Social Engineering in Early Modern England: Masters, Servants, and the Godly Discipline

Article excerpt

Let not the Christian servant murmur nor grudge at suffering if it be laid upon him.

Thomas Fosset, The Servants Dutie or the Calling and Condition of Servants (1613), 21.

Good servitudes are those colleges of sobriety that checks in the giddy and wild-headed youth from his uneven course of life by a limited constrainment.

G. Alsop, A Character of the Province of Maryland (1666), 28.

How grievous a sin the disobedience of servants is. 'Tis a downright contempt of God's revealed word ... a violation of the law of nature.

Richard Lucas, The Duty of Servants (1685), 88.

Deep-seated anxieties and convictions, such as those embodied in the quotations above, frequently give rise to attempts at social engineering. This article examines one such long-lasting example of the correlation. In England from the 1590s-a troubled, disjointed decade in which inflation, harvest failures, enclosure riots, and the destabilizing effects of war all featured-and for over a hundred years thereafter, an uninterrupted succession of manuals for the well-ordering of households appeared in print. (1) Invariably written by clergymen, many of them London-based, these books blended doctrine with the fruits of practical experience gained in particular ministries. The pre-English Civil War decades produced the largest single crop of such publications. A significant sub-group appeared in the 1650s under the Republic. A larger number followed in the later decades of the seventeenth century intended to confront the looser morals of the new post-Restoration age. The genre was still flourishing in the early eighteenth century and, indeed, Edmund Gibson's Family Devotion (1726), one of the most successful of all these manuals, was still being reprinted in the middle of the nineteenth century.

Puritans were in the vanguard of the authors of such texts and, unquestionably, William Perkins's Christian Oeconomie (1590) and Robert Cleaver's Godly Forme of Household Government (1598) did much to define the characteristics of this kind of writing in the first place. William Gouge's Of Domesticall Duties (1622), Thomas Carter's Christian Commonwealth (1627), Philip Goodwin's Family Religion Revived (1655), and Richard Baxter's The Poor Man's Family Book (1675) were later landmarks in the tradition. Though puritan writers predominated and set the pace, however, they did not monopolize such publications. Bethel, or a Forme for Families (1633) was written by Matthew Griffith (1599?-1665), a royalist who was sequestered of his London living in 1642 and later involved in the stubborn and protracted defence of the besieged Basing House in Hampshire (home of the Marquis of Winchester) in 1645. (2) Much later, Edmund Gibson, author of the hugely popular Family Devotion (1726), was successively Bishop of Lincoln and London. (3)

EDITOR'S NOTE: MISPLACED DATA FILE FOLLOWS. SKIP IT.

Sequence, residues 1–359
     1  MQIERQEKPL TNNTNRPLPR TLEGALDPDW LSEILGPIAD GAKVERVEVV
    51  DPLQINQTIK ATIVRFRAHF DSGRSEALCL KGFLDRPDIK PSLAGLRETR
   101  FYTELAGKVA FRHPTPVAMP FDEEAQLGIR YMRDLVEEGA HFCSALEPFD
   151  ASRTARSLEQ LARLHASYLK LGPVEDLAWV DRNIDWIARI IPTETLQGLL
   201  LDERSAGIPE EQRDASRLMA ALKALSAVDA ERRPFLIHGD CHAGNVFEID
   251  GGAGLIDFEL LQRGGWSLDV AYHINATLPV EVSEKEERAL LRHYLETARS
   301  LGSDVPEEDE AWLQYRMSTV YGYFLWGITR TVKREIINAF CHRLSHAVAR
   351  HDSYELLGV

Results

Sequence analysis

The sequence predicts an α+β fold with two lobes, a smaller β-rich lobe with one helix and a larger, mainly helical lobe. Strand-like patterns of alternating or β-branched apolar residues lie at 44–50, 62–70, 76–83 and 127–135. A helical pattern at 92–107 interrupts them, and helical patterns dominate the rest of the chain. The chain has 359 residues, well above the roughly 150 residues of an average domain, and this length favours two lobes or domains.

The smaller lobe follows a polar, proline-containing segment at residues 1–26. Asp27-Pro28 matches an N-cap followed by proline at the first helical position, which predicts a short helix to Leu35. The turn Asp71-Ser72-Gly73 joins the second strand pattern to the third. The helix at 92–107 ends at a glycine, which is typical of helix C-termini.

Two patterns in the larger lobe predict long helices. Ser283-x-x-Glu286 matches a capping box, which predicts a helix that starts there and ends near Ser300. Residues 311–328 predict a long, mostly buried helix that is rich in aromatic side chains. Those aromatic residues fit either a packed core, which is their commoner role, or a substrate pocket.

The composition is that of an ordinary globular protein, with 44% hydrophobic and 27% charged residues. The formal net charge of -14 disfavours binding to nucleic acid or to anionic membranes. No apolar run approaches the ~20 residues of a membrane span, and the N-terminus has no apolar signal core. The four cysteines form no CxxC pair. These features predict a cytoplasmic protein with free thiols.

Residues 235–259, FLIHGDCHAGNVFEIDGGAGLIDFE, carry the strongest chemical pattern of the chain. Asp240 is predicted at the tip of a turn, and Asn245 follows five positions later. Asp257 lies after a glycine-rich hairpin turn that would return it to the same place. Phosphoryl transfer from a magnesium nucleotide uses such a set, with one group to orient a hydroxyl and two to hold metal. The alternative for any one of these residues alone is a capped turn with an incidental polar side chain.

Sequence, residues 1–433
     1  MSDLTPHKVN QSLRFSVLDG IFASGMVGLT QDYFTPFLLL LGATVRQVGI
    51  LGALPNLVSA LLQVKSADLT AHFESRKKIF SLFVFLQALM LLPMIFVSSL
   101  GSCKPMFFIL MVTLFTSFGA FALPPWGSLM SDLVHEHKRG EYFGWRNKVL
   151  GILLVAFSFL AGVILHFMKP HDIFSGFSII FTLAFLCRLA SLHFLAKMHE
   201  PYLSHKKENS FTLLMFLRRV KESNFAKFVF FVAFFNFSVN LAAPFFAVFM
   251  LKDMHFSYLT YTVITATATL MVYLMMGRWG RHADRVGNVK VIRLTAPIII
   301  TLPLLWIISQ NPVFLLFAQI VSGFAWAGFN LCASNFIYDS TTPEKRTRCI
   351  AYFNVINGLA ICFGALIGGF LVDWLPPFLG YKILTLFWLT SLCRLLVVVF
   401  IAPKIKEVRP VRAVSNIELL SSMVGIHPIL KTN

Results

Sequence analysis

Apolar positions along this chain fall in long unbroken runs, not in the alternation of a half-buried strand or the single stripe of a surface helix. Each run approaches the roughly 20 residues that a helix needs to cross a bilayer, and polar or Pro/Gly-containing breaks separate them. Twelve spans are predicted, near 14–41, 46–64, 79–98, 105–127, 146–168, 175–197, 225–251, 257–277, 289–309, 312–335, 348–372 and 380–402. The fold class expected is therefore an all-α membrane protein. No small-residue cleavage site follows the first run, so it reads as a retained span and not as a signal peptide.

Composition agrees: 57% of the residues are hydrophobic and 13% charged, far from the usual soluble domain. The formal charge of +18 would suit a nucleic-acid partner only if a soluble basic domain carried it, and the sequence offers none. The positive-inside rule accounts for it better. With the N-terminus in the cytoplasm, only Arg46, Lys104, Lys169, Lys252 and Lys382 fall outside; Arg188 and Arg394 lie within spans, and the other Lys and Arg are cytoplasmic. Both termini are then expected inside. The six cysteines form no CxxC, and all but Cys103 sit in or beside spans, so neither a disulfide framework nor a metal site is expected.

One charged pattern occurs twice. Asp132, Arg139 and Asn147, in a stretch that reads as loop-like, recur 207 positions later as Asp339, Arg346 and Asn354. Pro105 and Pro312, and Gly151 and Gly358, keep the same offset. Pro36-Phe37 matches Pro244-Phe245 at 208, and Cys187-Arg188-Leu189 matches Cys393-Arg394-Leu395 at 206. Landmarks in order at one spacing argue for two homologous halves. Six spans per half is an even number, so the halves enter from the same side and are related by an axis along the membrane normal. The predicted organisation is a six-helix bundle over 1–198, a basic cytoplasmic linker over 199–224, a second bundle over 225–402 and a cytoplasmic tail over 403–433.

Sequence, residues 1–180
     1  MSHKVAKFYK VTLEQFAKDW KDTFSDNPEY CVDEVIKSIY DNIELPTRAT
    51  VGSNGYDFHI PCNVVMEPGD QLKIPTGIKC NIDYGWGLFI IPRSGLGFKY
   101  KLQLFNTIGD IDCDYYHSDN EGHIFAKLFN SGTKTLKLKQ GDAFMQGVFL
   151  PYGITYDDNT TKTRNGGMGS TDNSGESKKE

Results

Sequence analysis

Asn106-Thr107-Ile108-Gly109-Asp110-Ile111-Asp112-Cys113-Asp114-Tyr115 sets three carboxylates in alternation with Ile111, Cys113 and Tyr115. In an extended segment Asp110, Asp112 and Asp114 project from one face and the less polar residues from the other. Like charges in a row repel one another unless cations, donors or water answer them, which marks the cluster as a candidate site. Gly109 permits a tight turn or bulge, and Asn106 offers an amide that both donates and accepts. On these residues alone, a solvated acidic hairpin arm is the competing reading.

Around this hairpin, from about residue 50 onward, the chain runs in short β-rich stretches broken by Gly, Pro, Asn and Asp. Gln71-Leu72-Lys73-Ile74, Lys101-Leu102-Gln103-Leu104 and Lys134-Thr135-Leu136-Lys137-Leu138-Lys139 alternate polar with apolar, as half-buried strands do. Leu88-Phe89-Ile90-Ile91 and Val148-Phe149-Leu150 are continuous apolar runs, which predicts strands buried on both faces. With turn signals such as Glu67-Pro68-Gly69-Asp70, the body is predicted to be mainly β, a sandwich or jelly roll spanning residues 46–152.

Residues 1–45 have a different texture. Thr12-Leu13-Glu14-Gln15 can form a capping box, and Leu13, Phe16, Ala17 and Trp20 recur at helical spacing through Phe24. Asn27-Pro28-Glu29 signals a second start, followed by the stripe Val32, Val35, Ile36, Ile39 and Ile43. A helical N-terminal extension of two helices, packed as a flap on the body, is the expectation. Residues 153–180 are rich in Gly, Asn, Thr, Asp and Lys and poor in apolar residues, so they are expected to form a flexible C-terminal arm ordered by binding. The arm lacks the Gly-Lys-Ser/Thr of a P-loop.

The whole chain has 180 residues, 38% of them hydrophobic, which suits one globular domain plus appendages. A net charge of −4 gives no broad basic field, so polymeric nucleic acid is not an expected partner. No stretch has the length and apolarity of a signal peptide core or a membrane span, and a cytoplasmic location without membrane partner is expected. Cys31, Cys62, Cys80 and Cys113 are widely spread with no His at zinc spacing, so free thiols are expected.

The post-Reformation spiritualization of the household, to which Louis B. Wright, Christopher Hill, and other historians have drawn attention, was indeed one of the hallmarks of early modern England. (4) At its most basic level puritan organization rested on a molecular network of family cells that also provided the setting for the exercise of the puritans' godly discipline. Therefore, the family, declared John Downame in A Guide to Godlynesse (1629), is like "a particular church ... and the master of the family representeth the minister and the rest of the house the people in the congregation." (5) In the larger picture godly families underpinned both church and state. If only the godly discipline were practiced in all households, Lewis Bayly insisted in 1613, churches would be filled to capacity, the number of lawsuits would plummet, prisons would be empty, and the streets would be cleared of drunkards, swearers, whoremongers, and other undesirables. (6) "A household is, as it were, a little commonwealth," declared Robert Cleaver in his influential treatise mentioned above, "by the good government whereof God's glory may be advanced. …